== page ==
High Mileage Auto Loans
If you are in the market for a used car with a lot of miles on it, finding a good loan can be tricky. Many banks and credit unions do not like to loan money to people interested in older cars with many miles on them, because they represent a higher risk for the company. That’s because cars with over 100,000 miles are more likely to have serious mechanical issues, and the surprise cost associated with such issues can overtax a person’s budget, leading to default, simply meaning the buyer does not pay their loan off. Not only does this damage the borrower’s credit, it means a lot of money lost for the lending institution itself.
While it is still possible to get an auto loan for a high mileage vehicle, the interest rates are usually higher than average and the terms are normally capped at four to five years, instead of seven to eight years on newer cars. This helps to counterbalance the risk of financing an older vehicle, and it makes it very important to research the car models you are interested in very carefully. You want to be sure that you are getting a vehicle with a sound reputation for surviving up to 200,000 miles of real-world use. The last thing you want is to to finance a car for 60 months, only to have it go “conk out” after only three years.
What are the Mileage Limits?
Mileage limits on used vehicles vary from one lender to another. However, the vast majority of major banks have a cap of 70-75,000 miles. They simply will not approve you for a vehicle that has more miles than this. A few banks and credit unions are extending their caps to 100,000 miles, as they understand that vehicles last longer these days than they ever have before, but such high caps are relatively rare. For cars with more miles, you will probably need to contact a vehicle specialist and discuss your options.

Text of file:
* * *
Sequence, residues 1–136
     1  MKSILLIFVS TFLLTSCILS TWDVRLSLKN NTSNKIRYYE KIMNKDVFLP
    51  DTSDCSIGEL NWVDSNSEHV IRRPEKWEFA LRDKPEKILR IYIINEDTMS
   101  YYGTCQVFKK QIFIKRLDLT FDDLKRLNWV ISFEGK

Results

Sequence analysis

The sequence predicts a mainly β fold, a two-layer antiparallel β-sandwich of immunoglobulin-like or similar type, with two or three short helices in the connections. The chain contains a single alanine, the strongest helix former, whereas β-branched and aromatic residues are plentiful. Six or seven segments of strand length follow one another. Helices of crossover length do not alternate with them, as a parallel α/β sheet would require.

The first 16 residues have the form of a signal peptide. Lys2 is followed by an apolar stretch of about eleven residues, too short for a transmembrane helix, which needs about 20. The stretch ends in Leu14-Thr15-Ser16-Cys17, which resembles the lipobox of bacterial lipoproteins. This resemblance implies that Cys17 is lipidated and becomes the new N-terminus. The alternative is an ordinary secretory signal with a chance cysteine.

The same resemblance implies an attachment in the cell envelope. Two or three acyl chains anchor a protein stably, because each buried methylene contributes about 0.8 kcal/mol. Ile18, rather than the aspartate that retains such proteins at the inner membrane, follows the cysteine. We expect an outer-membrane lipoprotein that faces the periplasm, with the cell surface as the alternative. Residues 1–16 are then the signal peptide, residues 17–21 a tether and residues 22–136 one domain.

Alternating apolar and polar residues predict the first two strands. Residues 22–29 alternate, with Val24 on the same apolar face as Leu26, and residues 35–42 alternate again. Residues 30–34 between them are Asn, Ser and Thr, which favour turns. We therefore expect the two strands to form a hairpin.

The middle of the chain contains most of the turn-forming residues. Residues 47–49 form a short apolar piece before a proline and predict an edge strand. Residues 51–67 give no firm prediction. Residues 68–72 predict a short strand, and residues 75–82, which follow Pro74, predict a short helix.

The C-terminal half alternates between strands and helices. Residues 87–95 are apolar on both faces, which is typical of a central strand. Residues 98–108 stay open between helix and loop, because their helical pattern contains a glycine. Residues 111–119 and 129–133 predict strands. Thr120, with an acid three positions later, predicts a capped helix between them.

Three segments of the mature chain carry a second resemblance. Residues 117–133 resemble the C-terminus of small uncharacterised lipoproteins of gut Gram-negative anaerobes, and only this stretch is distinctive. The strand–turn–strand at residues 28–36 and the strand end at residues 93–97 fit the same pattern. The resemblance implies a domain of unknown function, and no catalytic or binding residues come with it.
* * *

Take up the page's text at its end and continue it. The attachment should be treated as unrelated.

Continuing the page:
Get the Most for Your Money
Since you are looking at higher mileage cars, you probably are trying to get the most car possible for the amount of money you have. Do some research on models you are interested in to find out how many miles they typically last. Some cars last well over 200,000 miles, while others start to have problems before they’ve even accrued 100,000 miles. Of course, this is particularly important if you will be getting a loan for the car. For example, if you bought a car with 95,000 miles that normally has trouble before 100,000 miles, the lender is going see this as a very high risk lending scenario. You could potentially be left with a broken down car that is worth nothing, yet you still would have to pay the monthly payments from the loans. Lenders are not in the habit of forgiving your remaining loan balance, even if your car has gone kaput.
Other Tips Before You Buy
Make sure to test drive any car before you become serious about buying it. During the test drive, make sure everything about the car works as it should. Remember that most higher mileage cars do not typically come with any sort of warranty, even if the car is purchased from a car dealership. This makes it extremely important to go over the car with a fine tooth comb before signing on the dotted line. Also, make sure to consult the Kelley Blue Book value of the car you are interested in to make sure you are paying a fair market value for it.